[OPE-L:5740] Re: Blauf on neoclassicism

From: Steve Keen (s.keen@uws.edu.au)
Date: Sat Jun 02 2001 - 02:08:44 EDT

"Blaug just brushes reswitching aside calling on Lakatos to allow for the 
bypassing of small logical anamolies as long as the research programme is 

Here is Mark Blaug, circa 1998, on neoclassical economics:

      Modern economics is "sick." Economics has increasingly
      become an intellectual game played for its own sake and not for its
      practical consequences. Economists have gradually converted the
      subject into a sort of social mathematics in which analytical rigor as
      understood in math departments is everything and empirical relevance
      (as understood in physics departments) is nothing. If a topic cannot
      be tackled by formal modeling, it is simply consigned to the
      intellectual underworld.

      To pick up a copy of American Economic Review or Economic Journal, not
      to mention Econometrica or Review of Economic Studies, these days is
      to wonder whether one has landed on a strange planet in which tedium
      is the deliberate objective of professional publication. Economics was
      condemned a century ago as "the dismal science," but the dismal
      science of yesterday was a lot less dismal than the soporific
      scholasticism of today To paraphrase the title of a popular British
      musical: "No Reality, Please. We're Economists."

      It was not always so. If we can date the onset of the illness at all,
      it is the publication in 1954 of a famous paper by Nobel laureates
      Kenneth Arrow and Gerard Debreu. This paper marks the beginning of
      what has since become a cancerous growth in the very center of
      microeconomics.6 The Arrow-Debreu paper provided a rigorous proof of
      the existence of multimarket equilibrium in a decentralized economy, a
      notion that Leon Walras had entertained eighty years earlier but
      failed to establish convincingly. This proof was rigorous by
      mathematical standards, but it required some assumptions that clearly
      violated economic reality-for example, that there are forward markets
      for every commodity in all future periods and for all conceivable
      contingencies and yet no one holds money as a store of value for more
      than one period. Even so, Arrow and Debreu did not manage to prove
      that such a general equilibrium is stable in the sense that it is
      actually attained from whatever position we start. In short, the
      Arrow-Debreu proof had more to do with mathematical logic than with

      Unfortunately this paper soon became a model of what economists ought
      to aim for as modern scientists. In the process, few readers realized
      that Arrow and Debreu had in fact abandoned the vision that had
      originally motivated Walras. For Walras, general equilibrium theory
      was an abstract but nevertheless realistic description of the
      functioning of a capitalist economy He was therefore more concerned to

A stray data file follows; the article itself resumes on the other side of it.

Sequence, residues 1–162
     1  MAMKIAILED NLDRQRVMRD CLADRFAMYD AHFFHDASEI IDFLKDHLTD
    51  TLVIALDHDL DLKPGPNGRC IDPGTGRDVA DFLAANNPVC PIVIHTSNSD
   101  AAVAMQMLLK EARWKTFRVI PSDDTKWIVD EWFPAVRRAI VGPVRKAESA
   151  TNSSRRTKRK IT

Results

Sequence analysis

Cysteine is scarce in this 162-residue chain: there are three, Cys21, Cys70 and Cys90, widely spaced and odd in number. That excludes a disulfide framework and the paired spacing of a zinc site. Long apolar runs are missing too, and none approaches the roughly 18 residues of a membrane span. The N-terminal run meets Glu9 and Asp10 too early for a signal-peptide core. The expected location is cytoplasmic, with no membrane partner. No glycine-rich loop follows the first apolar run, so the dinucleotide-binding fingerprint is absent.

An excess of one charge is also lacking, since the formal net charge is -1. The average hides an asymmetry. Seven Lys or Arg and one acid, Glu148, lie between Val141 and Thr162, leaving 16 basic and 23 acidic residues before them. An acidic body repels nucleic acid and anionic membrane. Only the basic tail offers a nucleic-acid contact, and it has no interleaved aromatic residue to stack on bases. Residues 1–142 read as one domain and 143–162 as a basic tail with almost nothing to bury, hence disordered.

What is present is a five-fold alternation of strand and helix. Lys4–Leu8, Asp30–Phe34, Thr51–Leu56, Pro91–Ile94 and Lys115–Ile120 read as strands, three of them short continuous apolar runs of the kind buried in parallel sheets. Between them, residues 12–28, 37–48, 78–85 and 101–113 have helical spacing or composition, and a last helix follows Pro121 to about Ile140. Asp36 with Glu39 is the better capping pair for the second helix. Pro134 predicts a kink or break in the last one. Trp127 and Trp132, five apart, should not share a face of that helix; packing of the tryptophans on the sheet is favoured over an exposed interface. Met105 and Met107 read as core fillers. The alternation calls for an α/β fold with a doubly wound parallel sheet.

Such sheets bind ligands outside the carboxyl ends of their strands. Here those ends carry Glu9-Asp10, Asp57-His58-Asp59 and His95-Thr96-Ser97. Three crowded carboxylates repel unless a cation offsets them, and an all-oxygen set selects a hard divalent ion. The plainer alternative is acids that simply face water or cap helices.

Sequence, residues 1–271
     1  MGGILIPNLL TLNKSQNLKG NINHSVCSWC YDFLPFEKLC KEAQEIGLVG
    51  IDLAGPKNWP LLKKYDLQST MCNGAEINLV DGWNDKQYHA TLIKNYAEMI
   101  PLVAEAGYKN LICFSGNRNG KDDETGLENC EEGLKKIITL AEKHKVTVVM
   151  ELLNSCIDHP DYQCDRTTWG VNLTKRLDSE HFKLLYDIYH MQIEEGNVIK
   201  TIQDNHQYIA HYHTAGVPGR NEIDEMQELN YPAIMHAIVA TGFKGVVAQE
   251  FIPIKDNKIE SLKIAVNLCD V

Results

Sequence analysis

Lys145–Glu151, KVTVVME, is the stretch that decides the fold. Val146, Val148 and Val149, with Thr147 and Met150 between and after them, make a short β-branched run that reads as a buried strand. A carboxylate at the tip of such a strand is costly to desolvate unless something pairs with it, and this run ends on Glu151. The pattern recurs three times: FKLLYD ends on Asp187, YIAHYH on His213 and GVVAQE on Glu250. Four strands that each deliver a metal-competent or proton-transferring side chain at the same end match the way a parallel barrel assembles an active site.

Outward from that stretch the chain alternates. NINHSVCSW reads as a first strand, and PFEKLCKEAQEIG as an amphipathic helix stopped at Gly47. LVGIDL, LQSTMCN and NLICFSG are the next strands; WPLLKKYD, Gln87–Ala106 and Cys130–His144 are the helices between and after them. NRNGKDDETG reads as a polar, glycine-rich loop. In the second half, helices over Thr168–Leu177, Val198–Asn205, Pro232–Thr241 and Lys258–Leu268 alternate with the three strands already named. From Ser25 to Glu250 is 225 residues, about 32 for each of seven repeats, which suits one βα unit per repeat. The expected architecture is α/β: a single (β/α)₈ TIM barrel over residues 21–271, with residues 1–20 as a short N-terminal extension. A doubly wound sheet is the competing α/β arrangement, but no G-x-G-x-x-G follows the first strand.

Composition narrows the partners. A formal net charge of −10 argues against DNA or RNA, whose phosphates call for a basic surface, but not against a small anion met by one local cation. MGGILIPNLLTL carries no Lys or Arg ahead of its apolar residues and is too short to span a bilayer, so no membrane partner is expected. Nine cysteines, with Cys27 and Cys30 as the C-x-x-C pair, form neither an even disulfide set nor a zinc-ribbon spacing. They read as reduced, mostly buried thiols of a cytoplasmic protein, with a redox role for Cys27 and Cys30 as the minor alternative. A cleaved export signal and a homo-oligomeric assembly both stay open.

show that markets will clear automatically via price adjustments in
      response to positive or negative excess demand-a property that he
      labeled "tatonnement"-than to prove that a unique set of prices and
      quantities is capable of clearing all markets simultaneously.7 By the
      time we got to Arrow and Debreu, however, general equilibrium theory
      had ceased to make any descriptive claim about actual economic systems
      and had become a purely formal apparatus about a quasi economy It had
      become a perfect example of what Ronald Coase has called "blackboard
      economics," a model that can be written down on blackboards using
      economic terms like "prices," "quantities," "factors of production,"
      and so on, but that nevertheless is clearly and even scandalously
      unrepresentative of any recognizable economic system.

      To make things worse, the Arrow-Debreu model was soon augmented by the
      so-called fundamental theorems of welfare economics, namely, that
      every perfectly competitive economy in a state of general equilibrium
      is Pareto-optimal and, moreover, that any Pareto-optimal allocation of
      resources can be attained by means of a perfectly competitive
      equilibrium plus an appropriate redistribution of initial endowments.
      This is said to nail down precisely what Adam Smith perceived only
      dimly two hundred years ago: The "invisible hand" of competition
      secures the best of all possible worlds, an optimal allocation of
      resources in which no one can be made better off without making
      someone else worse off.

      Alas, what a historical travesty is here! What Adam Smith meant is
      what the man in the street means when he applauds the competitive
      process. A competitive economy tends to produce the kind of goods
      people want at the lowest possible price because it encourages
      entrepreneurship and technical dynamism through a restless struggle
      for advantage, a struggle that is not confined to price competition
      but includes nonprice variables, such as new goods, better old goods,
      better-serviced goods, and more quickly delivered goods. In other
      words, for Adam Smith and for the man in the street, competition is a
      type of behavior by businessmen and not a market structure like
      "perfect competition," according to which business firms are purely
      passive "price takers" rather than active "price makers." This is what
      Richard Lipsey calls the "informal defense" of competition in contrast
      to the "formal defense" enshrined in proofs of the fundamental
      theorems of welfare economics grounded in the concept of perfect
      competition.8 It is exactly the same contrast that Schumpeter drew
      more than fifty years ago between "dynamic efficiency" that encourages
      the innovative process and "static efficiency" that excludes it.9